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Private Placement Advisors
          JOBS Act Titles II & IV Compliance Solutions

We find solutions for entrepreneurs seeking equity or debt financing.

Private Placement Advisors LLC is a group of entrepreneurs and lawyers who design and implement marketing strategies under Rule 506(c) and the new Regulation A. We also assist with Regulation S offerings and SCOR/Intrastate offerings.

We draft disclosure documents, confirm that they are complete, and file them with Federal and state regulators.We establish that the issuer and its principals are not disqualified under the new Bad Actor provisions. We work with intermediaries to perform required investigations into issuers as called upon. 

We provide accredited-investor verification services required by Title II of the JOBS Act. We provide "factual inquiries" into whether any disqualification event is extant, demonstrating a SEC-required "exercise of reasonable care." 

We assist intermediaries and issuers educate potential investors.

Our blog since 2009 has been We manage a 1400-member LinkedIn discussion group covering state securities enforcement proceedings.


A revolutionary new version of Reg D allows for a new class of 506 offerings. They will remain “private offerings” but for the first time they can be advertised in print, social media, websites, radio,and any other form of public communication. 

However, the SEC has also imposed new restrictions and requirements. For the first time a start-up cannot simply rely on representations by a prospective investor that she or he qualifies as an accredited investor. Instead, the issuer must actually verify specific investor information and be able to prove to the SEC that he or she in fact took specific steps to verify that information.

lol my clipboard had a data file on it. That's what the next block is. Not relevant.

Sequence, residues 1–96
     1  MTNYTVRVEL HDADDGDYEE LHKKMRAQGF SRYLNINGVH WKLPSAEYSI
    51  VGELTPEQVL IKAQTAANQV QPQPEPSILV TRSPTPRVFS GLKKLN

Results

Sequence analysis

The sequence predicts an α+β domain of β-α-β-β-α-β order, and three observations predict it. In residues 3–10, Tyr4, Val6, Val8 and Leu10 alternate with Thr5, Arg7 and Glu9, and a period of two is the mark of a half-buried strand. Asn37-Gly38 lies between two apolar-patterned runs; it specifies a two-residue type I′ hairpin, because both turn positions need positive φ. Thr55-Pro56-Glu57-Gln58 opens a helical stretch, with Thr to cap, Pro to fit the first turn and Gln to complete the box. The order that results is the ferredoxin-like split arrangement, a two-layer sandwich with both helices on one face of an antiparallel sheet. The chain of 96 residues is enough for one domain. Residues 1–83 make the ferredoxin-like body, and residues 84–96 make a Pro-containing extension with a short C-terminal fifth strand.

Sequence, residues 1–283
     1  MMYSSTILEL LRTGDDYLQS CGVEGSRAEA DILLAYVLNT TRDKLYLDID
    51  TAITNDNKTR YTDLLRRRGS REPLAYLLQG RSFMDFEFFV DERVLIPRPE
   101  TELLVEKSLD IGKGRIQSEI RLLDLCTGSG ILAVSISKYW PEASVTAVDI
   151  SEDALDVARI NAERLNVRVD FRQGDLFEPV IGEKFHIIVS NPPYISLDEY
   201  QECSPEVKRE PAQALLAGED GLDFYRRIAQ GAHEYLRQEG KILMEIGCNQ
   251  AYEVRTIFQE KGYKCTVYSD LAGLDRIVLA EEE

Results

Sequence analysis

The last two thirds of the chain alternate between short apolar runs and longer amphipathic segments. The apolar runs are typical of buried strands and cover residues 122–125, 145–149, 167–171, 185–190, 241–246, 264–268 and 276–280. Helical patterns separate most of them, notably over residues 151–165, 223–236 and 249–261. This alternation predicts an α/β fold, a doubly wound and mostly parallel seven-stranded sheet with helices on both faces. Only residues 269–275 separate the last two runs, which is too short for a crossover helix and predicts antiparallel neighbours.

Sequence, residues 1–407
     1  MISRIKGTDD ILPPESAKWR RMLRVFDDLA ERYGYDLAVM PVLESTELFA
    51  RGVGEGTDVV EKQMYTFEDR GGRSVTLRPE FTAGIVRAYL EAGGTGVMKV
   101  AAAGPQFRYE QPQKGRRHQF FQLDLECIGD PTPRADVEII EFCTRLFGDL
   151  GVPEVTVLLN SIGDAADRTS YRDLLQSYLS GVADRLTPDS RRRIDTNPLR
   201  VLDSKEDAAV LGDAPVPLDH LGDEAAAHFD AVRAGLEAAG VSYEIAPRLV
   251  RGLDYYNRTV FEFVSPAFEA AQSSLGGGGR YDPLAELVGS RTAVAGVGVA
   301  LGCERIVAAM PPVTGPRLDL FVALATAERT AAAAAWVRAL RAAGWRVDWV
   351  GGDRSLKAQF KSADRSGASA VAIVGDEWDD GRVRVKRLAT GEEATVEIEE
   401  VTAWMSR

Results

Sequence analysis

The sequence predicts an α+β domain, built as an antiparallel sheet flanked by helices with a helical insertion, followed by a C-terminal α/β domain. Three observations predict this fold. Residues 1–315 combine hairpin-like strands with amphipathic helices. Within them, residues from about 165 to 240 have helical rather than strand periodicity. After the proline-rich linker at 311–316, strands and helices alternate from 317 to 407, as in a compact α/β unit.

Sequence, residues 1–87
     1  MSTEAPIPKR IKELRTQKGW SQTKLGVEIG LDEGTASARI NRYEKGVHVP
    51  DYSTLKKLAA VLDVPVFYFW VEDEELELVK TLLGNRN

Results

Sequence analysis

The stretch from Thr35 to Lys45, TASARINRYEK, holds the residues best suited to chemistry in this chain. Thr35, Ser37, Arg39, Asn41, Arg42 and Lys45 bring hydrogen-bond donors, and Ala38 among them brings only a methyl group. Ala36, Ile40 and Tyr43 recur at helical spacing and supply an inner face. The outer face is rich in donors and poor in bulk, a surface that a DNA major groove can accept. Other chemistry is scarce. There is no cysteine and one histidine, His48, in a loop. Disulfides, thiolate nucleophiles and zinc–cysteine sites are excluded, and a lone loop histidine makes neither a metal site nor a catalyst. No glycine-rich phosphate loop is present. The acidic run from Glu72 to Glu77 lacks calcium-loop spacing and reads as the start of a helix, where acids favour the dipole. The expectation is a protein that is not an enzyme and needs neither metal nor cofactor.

Of course all issuers are still required to comply with state anti-fraud laws and the Securities Act of 1933. Also, the SEC may start requiring all issuers who want to rely on Reg D to send its enforcement division advance copies of all marketing materials they are using, including social media posts and any other form of communication.

Ignoring this or other SEC rules or regulations means, among other things, that the issuer will have to return all the money at any time for any reason, even if there is no good cause --among other problems with non-compliance. 

Lastly, a separate problem can easily occur due to the SEC doctrine of integration. Most start-ups already know that if they sell to just one non-accredited investor, they lose the Reg D exemption. What many entrepreneurs often forget is that if they conduct two separate offerings within 180 days both Reg D offerings will be “integrated” into one offering.

In other words, the last sale of the first Reg D offering must be 6 months earlier than the date of the new offering. If you have sold to only one non-accredited investor in the six months before your new Reg D offering, you may be in violation of the law. And, of course, you cannot sell securities to non-accredited investors in a follow-up private placement for at least six months after you close the first placement.